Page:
/ Recommended guide book for the alps +

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the ant hill mob - on 05 Jan 2013
Hi,

Planning on a summer trip to the alps for a month or so, will be looking for a guide book with preferably lower grades f-ad. Will be living out the back of the van, but chamonix will be the initial destination, but more than willing to travel to other locations for routes.

Also might be looking at some sport/trad climbing routes on days off. Any recommendations for a guide book for this too. looking at lowish grades again, around 4-6 sport, vs trad.

Finally will want to practice skills such as crampon use and ice axe recoveries etc, on a safe enough glacier, as 2 of the group have no experience on snow and ice. so any recommendations?

Thanks,

Ant
CurlyStevo - on 05 Jan 2013
In reply to the ant hill mob:
we found these two pretty good Mont Blanc classic and plaisir by Rock and Ice. Crag climbs in Chamonix by Vamos.

Some of the other guides can tend to either be a bit old fashioned (in particular alpine club guides ) or not including pure rock routes (snow ice and mixed guides). I also think both the alpine club guides and the snow ice and mixed guides are in general a bit light on info and better for more experienced climbers.
GridNorth - on 05 Jan 2013
In reply to the ant hill mob: If you wait until you get to Chamonix you find that there is plenty of choice of guides for both sport and alpine climbs, even a few in English.

The Mer du Glace is a good place to practice being easy access. Catch the Montenvers train and descend the ladders to the glacier. You may need to walk up it for several hundred yards to get to the crevasses but this is straightforward and can usually be done without crampons. When you set up a belay make sure that you scrape away the surface ice to get to the solid stuff beneath and cover the heads of the ice screws with snow/ice to protect them from the sun.
cannichoutdoors - on 05 Jan 2013
In reply to CurlyStevo: I think the Alpine Club guide to the 4000m peaks by Martin Moran gives a good overview to many areas of the alps and some good advice in one book. Bit short on training peaks though for obvious reasons, so other guides will be required anyway...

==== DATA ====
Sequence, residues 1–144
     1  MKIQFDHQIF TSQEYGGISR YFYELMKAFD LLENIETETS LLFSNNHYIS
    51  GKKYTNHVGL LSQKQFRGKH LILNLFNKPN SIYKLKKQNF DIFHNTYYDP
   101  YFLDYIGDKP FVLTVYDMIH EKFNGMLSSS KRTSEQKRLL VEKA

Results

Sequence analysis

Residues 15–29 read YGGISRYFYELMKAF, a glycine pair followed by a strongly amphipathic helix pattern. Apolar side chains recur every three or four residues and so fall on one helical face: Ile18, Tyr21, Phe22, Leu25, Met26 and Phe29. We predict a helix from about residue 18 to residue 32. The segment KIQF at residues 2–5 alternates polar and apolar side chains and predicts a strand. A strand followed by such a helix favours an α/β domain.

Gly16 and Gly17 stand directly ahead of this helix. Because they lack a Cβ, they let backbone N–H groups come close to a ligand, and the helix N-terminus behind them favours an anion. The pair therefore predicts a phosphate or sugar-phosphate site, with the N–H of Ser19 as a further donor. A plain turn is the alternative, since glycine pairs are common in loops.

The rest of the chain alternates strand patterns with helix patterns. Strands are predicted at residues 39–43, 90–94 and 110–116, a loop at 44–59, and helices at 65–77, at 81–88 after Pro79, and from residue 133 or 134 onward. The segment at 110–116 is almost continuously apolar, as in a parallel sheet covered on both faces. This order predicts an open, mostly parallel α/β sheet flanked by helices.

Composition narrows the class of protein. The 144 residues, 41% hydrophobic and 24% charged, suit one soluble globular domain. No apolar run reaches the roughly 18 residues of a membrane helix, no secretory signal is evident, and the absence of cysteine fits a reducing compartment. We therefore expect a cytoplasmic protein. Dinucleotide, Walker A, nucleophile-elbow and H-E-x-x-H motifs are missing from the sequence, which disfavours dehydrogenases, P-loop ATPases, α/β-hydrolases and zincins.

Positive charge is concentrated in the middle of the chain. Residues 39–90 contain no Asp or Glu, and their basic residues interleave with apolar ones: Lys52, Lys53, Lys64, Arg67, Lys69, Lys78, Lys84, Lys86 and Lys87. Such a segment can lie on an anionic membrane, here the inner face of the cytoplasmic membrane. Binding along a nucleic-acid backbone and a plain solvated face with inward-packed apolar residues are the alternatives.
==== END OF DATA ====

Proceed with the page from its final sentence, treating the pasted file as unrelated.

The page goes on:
cagm - on 05 Jan 2013
In reply to the ant hill mob:
You could try the "Chamonix Climbs" link, bottom left-hand corner of the Alpine Club site. Alternatively, get there directly on www.funalps.com. This gives you access to selected routes in the "easier" grades around Chamonix on the wiki type camptocamp.org site. You can set it up so that you have English as your default interface language. By next summer there will be a folder of all the selected routes in the Office de Haute Montagne (OHM) in the centre of Chamonix, available for photocopying.
Sam_in_Leeds - on 05 Jan 2013
In reply to the ant hill mob:

I've got the earlier version of this book.

I've got a copy you can have for a fiver?

http://www.needlesports.com/Catalogue/Books-Maps-DVDs/Foreign-Climbing-Guides/Europe/France/Mt-Blanc...

CurlyStevo - on 05 Jan 2013
In reply to cannichoutdoors: ok i meant the mont blanc massif alpine club guides. They do have a lot of routes in but they have less information in for the novice as well as being light on diagrams. They are also a bit outdated for likely changes in summer alpine conditions....
cannichoutdoors - on 05 Jan 2013
In reply to CurlyStevo: I agree. All the other AC guides (MB, Valais, Bernina) are out of date and due for an update of both content and format. It's very interesting seeing lots TD and ED routes, especially landmark routes like Walker and the 1938 route, but realistically they are out of reach for most of us even when they are in condition.
Captain Gear - on 05 Jan 2013
In reply to cannichoutdoors:
> It's very interesting seeing lots TD and ED routes, especially landmark routes like Walker and the 1938 route, but realistically they are out of reach for most of us even when they are in condition.

Speak for yourself.

That's a bit like saying there is no point putting Margins on the Mind, Authentic Desire and the Indian Face in the Cloggy guide as they're rarely in condition and far too hard for most of us.

In real terms the Walker and 1938 are far easier than the routes I've suggested above.
the ant hill mob - on 06 Jan 2013
In reply to grid north - Want to have a look at the routes before we go, so I can loosely plan the trip as nothing ever goes perfectly to plan, but i remember last time i was there seeing plenty in the shops, so things like maps etc, i will get when im there.

cannichoutdoors - I had a look at this online, as i plan to do a few of the higher routes, as after a week or two we should be comfortably acclimatised and working well together. so will consider this as well.

cagm - will have a look at the site now cheers for the link.

In general - cheers for the info on ac guides, as i had googled these before. but havnt used them before so didnt know of the content. will also look into the crag one by vamos, as after a couple of read ups online looks like the kind of thing im after.

thanks for the help,

Ant
CurlyStevo - on 06 Jan 2013
In reply to the ant hill mob: the vamos guide is useable but not perfect. From memory quite a few of the diagrams are drawn rather than photos. But i dont know if there are any better options in English.
Mark / Alps - on 06 Jan 2013
In reply to the ant hill mob: